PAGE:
Miners' leader Arthur Scargill was a Marxist who provided "the shock troops for the left's attack", she claimed.

In 1979, the Thatcher government started planing for privatisation of coal. The Coal Industry Act (1980) replaced production targets with financial targets set so high they could only be met by closing "uneconomic" collieries. Battle lines were also being drawn with a new social security act clamping down on strikers' benefits.

Ian Isaac, of Pontyclun, author of When We Were Miners, was one of the youngest full-time officers in the NUM, based at St John's Colliery, Maesteg, in 1984. He said: "This political struggle was manifest in the 'Nicholas Ridley Plan' (Ridley was a right-wing Tory MP) leaked and published in The Economist on May 27,1978, which planned the Government assault on the NUM.

"The report contained the following, 'Government to choose the battlefield'...

(note the military language), 'coal stocks built up in power stations', 'import coal from non-union ports', 'non-union lorry drivers to be recruited', 'cut off money supply to strikers making the union finance them', 'train and equip a large squad of police', 'be ready to employ riot tactics to uphold the law against violent picketing'.

"It was all of the paraphernalia of a war game played out like First World War generals, which would be deployed by these 'grandees' behind the scenes of the Tory party, as Thatcher's new lieutenants prepared for a class war. The NUM was rightly seen as the advance guard of the trade union and labour movement."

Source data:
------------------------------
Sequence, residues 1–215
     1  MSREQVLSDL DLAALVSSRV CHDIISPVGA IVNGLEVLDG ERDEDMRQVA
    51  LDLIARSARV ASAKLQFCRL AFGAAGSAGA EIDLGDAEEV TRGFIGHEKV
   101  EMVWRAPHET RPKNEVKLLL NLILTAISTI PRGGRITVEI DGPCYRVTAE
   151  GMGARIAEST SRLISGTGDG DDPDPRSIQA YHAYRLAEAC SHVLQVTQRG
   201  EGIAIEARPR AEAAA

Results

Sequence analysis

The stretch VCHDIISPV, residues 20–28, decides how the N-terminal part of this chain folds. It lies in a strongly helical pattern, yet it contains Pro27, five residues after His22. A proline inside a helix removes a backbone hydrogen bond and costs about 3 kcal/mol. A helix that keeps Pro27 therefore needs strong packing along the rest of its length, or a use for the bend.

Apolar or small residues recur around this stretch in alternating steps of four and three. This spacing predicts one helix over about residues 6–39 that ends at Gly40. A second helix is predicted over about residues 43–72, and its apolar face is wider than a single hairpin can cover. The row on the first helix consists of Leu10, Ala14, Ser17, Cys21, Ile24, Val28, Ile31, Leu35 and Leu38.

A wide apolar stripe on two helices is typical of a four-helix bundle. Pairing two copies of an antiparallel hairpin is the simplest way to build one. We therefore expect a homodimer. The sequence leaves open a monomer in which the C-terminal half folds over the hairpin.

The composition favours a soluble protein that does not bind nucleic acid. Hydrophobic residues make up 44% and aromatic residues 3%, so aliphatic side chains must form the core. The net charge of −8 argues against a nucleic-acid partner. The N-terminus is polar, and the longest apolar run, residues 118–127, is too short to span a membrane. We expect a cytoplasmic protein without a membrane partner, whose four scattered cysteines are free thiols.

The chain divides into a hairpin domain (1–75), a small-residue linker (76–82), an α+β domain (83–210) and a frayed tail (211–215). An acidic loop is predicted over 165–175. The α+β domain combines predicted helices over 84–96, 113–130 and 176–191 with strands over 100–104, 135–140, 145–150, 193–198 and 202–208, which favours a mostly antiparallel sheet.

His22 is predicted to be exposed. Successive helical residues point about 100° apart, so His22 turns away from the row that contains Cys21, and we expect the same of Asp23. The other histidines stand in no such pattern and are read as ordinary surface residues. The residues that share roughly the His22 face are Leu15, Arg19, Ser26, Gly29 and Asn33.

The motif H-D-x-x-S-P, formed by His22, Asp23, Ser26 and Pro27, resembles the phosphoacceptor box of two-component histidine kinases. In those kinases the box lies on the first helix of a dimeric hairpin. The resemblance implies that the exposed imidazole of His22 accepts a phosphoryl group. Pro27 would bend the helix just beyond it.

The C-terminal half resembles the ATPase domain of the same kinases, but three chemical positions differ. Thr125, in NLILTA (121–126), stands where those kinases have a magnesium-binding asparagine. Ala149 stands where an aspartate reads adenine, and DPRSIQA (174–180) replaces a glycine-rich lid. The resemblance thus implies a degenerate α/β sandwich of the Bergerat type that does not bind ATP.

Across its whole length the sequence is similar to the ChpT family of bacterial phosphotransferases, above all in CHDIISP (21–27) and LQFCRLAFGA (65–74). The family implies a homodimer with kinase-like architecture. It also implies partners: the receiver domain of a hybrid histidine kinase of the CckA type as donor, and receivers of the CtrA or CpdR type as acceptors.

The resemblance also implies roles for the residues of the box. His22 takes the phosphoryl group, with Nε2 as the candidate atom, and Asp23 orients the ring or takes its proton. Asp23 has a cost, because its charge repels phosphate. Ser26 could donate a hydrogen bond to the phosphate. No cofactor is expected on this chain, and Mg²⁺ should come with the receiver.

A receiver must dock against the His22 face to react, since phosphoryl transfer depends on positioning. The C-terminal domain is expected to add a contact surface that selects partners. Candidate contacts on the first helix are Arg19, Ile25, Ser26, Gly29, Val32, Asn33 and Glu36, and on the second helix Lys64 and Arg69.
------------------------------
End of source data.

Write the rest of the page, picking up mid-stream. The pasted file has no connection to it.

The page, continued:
The strike began in Arthur Scargill's Yorkshire power base and soon spread. But it had two weaknesses, the refusal to strike by thousands of miners in areas like Nottinghamshire (who formed the Union of Democratic Mineworkers) and, secondly, Arthur Scargill's refusal to hold a ballot, which meant he did not get vital political backing from Neil Kinnock and the Labour Party or the TUC leadership under general secretary Norman Willis.

The strike was not for the fainthearted and scenes of thousands of police, some on horseback, beating pickets with truncheons were beamed into front rooms. The most notorious was the clash at the Orgreave Coking Plant near Rotherham in June 1984 when there were about 5,000 on each side and brutal violence erupted.

Away from the front lines, a propaganda war raged between Scargill and Thatcher, with the NUM leader turning to Colonel Gaddafi and Mikhail Gorbachev for funds. Libya is thought to have provided PS150,000 but Mrs Thatcher is thought to have used her influence and considerable TV presence to deter Gorbachev from contributing.